Reproduction of a trench improvised explosive device in a milk tin, and a similar manufactured double cylinder grenade
|Place of origin||United Kingdom|
|In service||1915 -|
|Variants||No 8 'Light', No 9 'Heavy'|
|Filling||Ammonal + Steel fragments|
|Timed Friction Fuse|
The Double Cylinder was one of the many grenades designed for British use in the early part of the First World War in response to the failings of the No 1 grenade.
The grenade was an inner can of explosive with an outer can of metal fragments or ball bearings. The heavier pattern No 9 grenade contained more high explosive and more metal fragments.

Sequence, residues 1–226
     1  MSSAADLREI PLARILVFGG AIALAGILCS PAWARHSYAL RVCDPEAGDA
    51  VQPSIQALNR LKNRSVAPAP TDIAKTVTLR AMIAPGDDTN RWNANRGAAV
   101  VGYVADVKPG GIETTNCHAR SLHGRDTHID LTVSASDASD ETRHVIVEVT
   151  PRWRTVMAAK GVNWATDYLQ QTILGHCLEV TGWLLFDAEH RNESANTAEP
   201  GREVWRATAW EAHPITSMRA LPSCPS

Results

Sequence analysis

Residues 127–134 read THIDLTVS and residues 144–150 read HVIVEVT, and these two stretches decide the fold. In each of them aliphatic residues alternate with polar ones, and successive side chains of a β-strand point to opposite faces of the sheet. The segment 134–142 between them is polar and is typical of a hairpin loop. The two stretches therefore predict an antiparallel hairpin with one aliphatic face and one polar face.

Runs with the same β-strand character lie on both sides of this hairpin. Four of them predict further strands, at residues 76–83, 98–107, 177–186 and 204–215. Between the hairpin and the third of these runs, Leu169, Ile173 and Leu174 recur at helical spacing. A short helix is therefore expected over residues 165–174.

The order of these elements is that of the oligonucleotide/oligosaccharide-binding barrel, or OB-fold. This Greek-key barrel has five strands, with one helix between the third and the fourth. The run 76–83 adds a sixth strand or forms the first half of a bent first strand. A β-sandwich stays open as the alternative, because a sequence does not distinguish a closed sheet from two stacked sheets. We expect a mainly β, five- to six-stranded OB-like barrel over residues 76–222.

The fuse was ignited by a friction device or a cigarette.
Initially when demand for grenades was at its greatest, engineers were encouraged to improvise their own grenades from the tins containing the soldier's ration of jam, hence the name. Incidents with the improvised form and the supply of superior grenades led to official withdrawal of the design.
Jam Tin Grenades were used as booby traps by retreating British Soldiers which was done by rigging the Jam Tin to a pressure trigger and leaving it under a body or other heavy object to keep it unarmed until it was disturbed.
- Wintirngham, Tom (2 March 1940). "Shells and Grenades".
|This page uses Creative Commons Licensed content from Wikipedia (view authors).|